NEXT STEPS is Living Streets’ walking challenge for students transitioning to secondary school.

There are two easy to run and fun touch-points for the Next Steps Challenge with engaging, top quality educational resources for every student.

Step one is run on transitions day at secondary school in the summer term and includes a workshop and supporting leaflet which encourages students to think about how to get to their new school safely and actively. Discussion with parents and carers at home is encouraged with a take home magnet.

Step two involves additional targeted messaging about why walking to school is important to run through in an assembly with new students and a further walking challenge is given out to complete at home.

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1. Mental health

By 2020 every secondary school will need to teach students about how to look after their mental health, with a focus on promoting the positive link between physical and mental health.

Next Steps encourages walking and cycling as main methods of travel to secondary school – both of which have been shown to reduce feelings of stress and reduce the risk of developing depression (by up to 30%).

2. Physical health

20% of 11 year olds are obese. Next Steps encourages this age group to think about how to fit more physical activity into their journey to school. What better time to fit in exercise, especially with PE hours having reduced by 20% in secondary schools over the past five years.

3. Independence

At secondary school, children begin making their daily journey alone. In fact, 37% of students travel independently, so having road safety skills is vitally important. Next Steps encourages students to discuss and think about their new journey with their parents and carers and suggests trying the route to school during summer holidays to ensure new students are prepared and safe.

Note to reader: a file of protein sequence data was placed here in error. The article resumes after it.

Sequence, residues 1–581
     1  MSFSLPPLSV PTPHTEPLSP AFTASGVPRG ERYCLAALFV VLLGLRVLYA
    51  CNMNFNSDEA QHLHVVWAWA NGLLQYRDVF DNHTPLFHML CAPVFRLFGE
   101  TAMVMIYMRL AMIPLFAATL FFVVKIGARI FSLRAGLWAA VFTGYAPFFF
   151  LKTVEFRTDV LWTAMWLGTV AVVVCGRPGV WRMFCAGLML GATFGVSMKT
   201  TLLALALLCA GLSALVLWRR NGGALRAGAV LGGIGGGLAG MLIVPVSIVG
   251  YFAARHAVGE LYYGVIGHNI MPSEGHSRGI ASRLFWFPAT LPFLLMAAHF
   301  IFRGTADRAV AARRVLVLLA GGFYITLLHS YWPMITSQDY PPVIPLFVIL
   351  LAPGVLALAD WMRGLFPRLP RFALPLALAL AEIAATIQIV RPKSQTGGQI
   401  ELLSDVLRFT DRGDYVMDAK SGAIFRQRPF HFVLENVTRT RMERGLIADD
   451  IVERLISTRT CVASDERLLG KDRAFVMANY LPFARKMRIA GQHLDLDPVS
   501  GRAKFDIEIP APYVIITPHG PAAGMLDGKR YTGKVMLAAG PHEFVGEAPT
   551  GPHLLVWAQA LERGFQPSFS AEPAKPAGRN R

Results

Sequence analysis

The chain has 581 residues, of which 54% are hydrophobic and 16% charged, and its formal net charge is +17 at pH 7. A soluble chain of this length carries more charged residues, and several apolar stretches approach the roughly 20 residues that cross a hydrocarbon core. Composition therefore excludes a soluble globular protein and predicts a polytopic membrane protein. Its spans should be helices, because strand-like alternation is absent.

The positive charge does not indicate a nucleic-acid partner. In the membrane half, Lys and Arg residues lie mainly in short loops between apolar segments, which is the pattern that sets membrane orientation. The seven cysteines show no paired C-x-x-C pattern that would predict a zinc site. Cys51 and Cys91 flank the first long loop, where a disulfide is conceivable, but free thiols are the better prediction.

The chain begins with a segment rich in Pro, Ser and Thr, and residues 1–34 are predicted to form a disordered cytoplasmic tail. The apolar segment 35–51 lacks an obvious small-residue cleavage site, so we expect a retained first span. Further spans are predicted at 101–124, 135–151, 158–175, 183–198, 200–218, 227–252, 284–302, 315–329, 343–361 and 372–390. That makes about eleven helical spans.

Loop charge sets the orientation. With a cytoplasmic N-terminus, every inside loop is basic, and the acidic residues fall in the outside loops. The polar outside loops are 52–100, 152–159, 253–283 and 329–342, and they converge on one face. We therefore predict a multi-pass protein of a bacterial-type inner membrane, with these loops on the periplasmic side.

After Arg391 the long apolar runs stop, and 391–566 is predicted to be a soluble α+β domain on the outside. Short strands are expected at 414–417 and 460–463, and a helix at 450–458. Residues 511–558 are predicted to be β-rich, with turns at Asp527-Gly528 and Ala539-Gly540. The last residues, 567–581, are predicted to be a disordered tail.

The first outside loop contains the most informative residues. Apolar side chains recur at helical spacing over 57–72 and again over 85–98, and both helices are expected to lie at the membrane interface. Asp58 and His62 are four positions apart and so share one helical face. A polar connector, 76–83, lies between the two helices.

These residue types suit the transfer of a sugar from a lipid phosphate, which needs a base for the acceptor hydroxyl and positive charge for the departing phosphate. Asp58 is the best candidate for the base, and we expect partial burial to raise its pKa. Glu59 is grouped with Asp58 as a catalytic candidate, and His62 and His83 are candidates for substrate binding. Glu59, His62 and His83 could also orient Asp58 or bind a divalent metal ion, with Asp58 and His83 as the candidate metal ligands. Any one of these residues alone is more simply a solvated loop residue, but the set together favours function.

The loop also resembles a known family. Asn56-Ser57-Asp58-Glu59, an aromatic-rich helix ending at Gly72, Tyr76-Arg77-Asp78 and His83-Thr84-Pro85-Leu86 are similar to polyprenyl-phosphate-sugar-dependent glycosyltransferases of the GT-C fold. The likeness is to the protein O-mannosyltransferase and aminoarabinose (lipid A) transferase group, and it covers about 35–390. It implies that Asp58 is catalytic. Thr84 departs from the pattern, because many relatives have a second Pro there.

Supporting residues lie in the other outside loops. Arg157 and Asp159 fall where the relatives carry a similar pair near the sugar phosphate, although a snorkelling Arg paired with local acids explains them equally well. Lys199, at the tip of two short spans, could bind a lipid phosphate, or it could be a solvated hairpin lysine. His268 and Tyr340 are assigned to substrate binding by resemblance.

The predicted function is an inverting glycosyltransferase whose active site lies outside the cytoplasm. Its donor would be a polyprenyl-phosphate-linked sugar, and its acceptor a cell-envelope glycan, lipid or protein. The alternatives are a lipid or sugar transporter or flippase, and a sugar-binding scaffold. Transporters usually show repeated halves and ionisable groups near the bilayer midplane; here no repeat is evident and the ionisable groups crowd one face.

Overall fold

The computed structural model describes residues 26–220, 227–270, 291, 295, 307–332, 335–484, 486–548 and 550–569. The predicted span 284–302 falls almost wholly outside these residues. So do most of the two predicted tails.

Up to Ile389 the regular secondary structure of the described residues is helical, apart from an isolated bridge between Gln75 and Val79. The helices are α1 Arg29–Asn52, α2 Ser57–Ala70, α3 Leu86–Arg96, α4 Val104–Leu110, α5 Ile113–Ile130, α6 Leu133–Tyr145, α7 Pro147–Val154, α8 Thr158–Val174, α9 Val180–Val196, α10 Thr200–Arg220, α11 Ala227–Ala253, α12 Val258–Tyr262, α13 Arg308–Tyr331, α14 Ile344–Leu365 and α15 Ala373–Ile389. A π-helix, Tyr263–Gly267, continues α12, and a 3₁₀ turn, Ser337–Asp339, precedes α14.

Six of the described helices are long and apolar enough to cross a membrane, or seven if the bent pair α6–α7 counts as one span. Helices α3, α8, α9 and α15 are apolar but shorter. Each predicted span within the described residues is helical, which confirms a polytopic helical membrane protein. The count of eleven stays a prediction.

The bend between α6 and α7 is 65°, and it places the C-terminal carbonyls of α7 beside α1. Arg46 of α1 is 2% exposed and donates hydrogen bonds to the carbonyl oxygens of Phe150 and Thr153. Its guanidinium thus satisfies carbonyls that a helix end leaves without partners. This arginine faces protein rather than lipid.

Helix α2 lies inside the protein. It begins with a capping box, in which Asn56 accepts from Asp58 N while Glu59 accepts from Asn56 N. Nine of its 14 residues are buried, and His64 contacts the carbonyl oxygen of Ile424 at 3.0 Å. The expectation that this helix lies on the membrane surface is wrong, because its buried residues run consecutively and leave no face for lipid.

4. Reduces congestion and pollution

More students travelling by foot or bike, or walking the last 10 minutes to school (as Next Steps suggests) means fewer cars outside the school gates. This improves safety in close proximity of the school and improves the air quality for all.

For parents

Starting secondary school is a big event in an 11 year old’s life – and that of their parents or carers. It signals the start of a new chapter and one that generally comes with gained independence and longer journeys.

To help make the transition to secondary school easier, here are some things to consider about your child’s journey to their new school:

1. Map it out: Before your child starts secondary school map out their route. If they can, travelling on foot or by bike is a great way to help your child be more physically active every day. Google Maps is an easy and convenient way to map out routes. Cycle Streets’ journey planner helps find quieter routes for cycling. City Mapper is a further option if you live in a city.

2. Try it out: If you can, make a practise journey to school. How long does it take? Is there a nicer or safer route that you can find? Consider all and make a decision about which route your child wants to take.

3. Talk about it: Remind your child about the key elements of road safety; waiting for the green man to cross the road, using crossings to cross the road, where pedestrians/cyclists have the right of way. If in doubt use Highway Code guidance on the website. Encourage your child to talk to you about any issues on their journey, and discuss what they should do if something unexpected happens. 

4. Prepare for it: If you and your child are keen to be active on the route to school, make sure they are prepared for their chosen way of travelling. Remember, it’s not about the weather, it’s about what you wear! Ensure your child has a waterproof or umbrella to hand for those rainy days. If your child is travelling by bike, they might need a helmet, lock, lights and suitable clothing.

5. Improve it: If you consider your child’s journey to school to be unsafe or unattractive, why not join us to campaign for better streets? Our local groups have experience success all over the UK in improving theirs – you can too.

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Two children walking